YEAAAAAAAAAAAAAAH, about that excitement about the bug maybe being a beneficial.  Not the case.  Here's the email I got back from him:

"What you have is a sawfly, probably of the Argidae family.  The immature argid sawflies are caterpillar like and feed on the foliage of  their host plants.  Many times the immatures feed in groups and can defoliate the plant.  So you might want to be on the lookout for little caterpillars chowing down on some of the garden plants.  It that happens there is not much choice but to get out the old spray can and have a go at them.  I hope this helps.  Good hearing from you, and best wishes."

I asked in a later email if neem oil would work and he wasn't sure, but worth a try.  I also asked if  diatomaceous earth was of any use either and he didn't think so.

As usual, many words, that cannot be said are going though my head right now. (Wow, that sounds like the lyrics to a song doesn't it?)


is a SAWFLY. 


and will make me do a lot of work now.  Bah.

On a more positive note though, here's a shout out to Purdue and their awesome entomology department that educates dumb folks likes me about the ways and looks of bugs.  If you're ever in the area when they are having their annual Bug Bowl, you too can enjoy chocolate covered crickets (a little chewy), stir fried crickets (actually quite good, nutty) and cricket spitting!  (No, the crickets do not get a running leap off of your tongue when you spit them; they are dead prior to being spat.  My record was like... 6 ft.  I think the record is like 22ft... or farther, if you're lucky the wind's to your back.)

(AND, no one can ever tell me that I wasn't adventurous!)

Tuesday, April 27, 2010

The Usual Suspects- Bug Lineup

Whilst walking about ye olde garden a couple of days ago I came upon this lil' buggie, first on my Rose Mallow Hibiscus (from local Gardens Oy Vey years ago, perennial and AWESOME!) and then I noticed its presence on my hollyhock leaves:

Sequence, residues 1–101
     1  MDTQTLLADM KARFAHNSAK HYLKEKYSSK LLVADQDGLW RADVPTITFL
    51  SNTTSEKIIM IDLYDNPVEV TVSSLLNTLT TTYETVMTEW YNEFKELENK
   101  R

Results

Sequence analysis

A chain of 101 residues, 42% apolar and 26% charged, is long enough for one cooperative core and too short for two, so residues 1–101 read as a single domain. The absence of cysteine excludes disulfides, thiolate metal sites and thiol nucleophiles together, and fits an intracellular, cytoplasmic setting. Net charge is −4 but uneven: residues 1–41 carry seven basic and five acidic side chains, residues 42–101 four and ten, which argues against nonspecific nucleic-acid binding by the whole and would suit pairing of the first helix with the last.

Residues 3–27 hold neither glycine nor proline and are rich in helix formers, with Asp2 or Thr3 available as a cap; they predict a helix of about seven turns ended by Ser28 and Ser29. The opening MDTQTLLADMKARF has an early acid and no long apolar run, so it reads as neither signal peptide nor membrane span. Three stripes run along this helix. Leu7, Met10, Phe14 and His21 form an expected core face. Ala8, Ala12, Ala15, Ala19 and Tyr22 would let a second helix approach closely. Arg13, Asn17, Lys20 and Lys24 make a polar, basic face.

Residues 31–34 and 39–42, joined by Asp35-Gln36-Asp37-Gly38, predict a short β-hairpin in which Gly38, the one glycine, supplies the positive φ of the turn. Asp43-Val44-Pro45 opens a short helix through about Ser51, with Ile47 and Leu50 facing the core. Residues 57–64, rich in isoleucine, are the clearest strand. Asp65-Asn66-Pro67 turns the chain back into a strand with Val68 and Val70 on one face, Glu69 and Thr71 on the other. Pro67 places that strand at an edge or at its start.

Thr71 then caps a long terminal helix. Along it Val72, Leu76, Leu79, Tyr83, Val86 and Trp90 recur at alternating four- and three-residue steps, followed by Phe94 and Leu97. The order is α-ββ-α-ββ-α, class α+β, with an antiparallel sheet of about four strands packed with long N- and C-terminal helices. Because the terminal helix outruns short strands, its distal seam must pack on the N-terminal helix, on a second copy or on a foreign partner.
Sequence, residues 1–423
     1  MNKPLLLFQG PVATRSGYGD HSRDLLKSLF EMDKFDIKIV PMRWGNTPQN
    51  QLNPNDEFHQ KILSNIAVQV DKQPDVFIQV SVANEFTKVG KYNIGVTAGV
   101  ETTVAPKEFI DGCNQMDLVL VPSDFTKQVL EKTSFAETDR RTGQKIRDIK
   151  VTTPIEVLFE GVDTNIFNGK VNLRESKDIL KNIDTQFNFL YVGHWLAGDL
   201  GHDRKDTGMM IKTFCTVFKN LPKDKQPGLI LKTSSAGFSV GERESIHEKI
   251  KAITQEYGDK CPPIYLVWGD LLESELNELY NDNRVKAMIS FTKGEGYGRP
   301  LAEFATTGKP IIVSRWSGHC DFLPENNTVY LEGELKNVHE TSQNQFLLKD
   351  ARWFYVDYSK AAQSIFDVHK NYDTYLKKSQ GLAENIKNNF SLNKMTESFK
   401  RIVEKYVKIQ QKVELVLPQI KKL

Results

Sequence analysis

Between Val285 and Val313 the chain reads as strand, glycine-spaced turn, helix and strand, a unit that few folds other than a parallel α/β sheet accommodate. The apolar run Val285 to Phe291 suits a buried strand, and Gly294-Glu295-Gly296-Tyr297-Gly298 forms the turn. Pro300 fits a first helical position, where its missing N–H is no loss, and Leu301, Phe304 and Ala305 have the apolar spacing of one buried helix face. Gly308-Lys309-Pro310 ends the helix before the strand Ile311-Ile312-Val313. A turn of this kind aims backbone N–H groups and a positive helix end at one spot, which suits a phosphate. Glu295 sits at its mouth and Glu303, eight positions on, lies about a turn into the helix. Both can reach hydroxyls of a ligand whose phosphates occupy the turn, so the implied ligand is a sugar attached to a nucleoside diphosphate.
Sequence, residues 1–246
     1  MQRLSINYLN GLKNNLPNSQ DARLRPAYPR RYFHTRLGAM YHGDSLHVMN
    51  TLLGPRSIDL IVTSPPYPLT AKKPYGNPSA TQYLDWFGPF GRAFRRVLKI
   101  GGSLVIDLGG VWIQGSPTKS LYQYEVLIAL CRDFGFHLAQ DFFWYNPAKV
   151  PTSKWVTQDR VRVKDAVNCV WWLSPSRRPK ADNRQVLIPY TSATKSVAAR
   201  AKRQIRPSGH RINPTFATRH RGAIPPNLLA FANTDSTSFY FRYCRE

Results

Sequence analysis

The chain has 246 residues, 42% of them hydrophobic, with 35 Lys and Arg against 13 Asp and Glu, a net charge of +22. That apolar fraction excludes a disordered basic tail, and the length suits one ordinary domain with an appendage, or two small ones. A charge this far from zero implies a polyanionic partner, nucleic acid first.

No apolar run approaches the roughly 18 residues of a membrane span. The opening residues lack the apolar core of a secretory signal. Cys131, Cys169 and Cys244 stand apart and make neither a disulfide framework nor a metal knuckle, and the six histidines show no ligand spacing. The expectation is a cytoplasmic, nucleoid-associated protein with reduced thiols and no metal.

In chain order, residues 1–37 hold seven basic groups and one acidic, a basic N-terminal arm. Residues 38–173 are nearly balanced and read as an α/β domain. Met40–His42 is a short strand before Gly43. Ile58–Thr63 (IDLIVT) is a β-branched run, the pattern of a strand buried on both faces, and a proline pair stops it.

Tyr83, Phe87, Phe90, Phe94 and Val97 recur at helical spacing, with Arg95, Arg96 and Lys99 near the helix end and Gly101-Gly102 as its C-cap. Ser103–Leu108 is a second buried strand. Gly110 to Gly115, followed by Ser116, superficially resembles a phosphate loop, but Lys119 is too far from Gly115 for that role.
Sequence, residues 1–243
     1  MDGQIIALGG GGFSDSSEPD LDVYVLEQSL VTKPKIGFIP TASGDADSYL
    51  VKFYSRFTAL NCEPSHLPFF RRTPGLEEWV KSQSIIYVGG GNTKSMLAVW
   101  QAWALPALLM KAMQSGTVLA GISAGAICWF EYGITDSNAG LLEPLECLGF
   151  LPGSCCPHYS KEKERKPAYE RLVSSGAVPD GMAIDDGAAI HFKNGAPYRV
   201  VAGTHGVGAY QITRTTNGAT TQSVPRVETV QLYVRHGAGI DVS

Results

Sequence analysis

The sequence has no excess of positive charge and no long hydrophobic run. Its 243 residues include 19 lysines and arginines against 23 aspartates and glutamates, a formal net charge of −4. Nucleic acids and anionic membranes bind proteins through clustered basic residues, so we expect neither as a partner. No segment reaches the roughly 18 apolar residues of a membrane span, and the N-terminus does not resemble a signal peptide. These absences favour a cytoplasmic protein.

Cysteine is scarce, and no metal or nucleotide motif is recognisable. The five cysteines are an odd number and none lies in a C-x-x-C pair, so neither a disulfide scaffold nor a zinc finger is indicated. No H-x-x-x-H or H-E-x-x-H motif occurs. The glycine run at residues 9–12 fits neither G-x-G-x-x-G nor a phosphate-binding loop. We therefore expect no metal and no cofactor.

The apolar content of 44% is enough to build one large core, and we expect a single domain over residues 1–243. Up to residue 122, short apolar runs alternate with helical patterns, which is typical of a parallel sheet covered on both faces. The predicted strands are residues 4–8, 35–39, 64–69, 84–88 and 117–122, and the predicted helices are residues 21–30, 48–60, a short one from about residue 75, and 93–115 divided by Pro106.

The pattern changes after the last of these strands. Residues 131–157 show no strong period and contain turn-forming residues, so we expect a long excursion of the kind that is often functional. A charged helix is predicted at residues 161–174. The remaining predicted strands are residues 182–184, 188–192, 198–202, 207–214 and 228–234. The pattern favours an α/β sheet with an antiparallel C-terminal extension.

There were a good amount, about 8 on the hibiscus, and a few on the hollyhock.  Each bug was 0.5cm in length and a couple thick.
I flicked off a couple from the hibiscus and refrained from squishing them because they could be unknown beneficials, you know?

Bah, this is just another reminder that I need to work on my bug identification....

Either way, a quick internet search helped me find a million pics of bugs that look similarly like mine.  Lots of tabs in a row like a crime lineup I think has helped me narrow down some bugs over others.

I think (more or less, hope) that it might be a soldier beetle of some type as it's a beneficial:

or a kind of robber fly:
(which is still fine, but not so good as these guys seem to kill both good and bad)

Some details that might nix this hope for a soldier beetle is that the antennae of this bug are smooth (at least at the distance I was viewing them at) and the wings are more fly-like than "leather-wing" like, a major characteristic of beetles. So maybe more robber-y?

Another thing is that the eyes of this particular bug I had are well, really buggy. They are bulbous and stick out on the side of the bug's head like Princess Lea's hair buns.

So, as none of these descriptors are exact matches for the ZILLIONS of bugs/beetles that there are I am stumped as to the certainty of my hope that it's a soldier beetle.

Wish I could go up to one and be like, "Good day sir, if I might inquire as to your presence in my garden and the nature of your visit?  Be you friend or foe?  Would you care for a shot of neem oil or some delicious rain water?"

Even better would be if Google could use its Goggles feature for nature rather than just products...  How awesome would that be?!   Conservationists and butterfly counters and the like could make use of their phones in the field!

Anyways though, If anyone has any ideas, or can direct me to a nice entomology professor  who'll actually write back to me with info it would be appreciated. 


Monday, April 26, 2010

Earth what?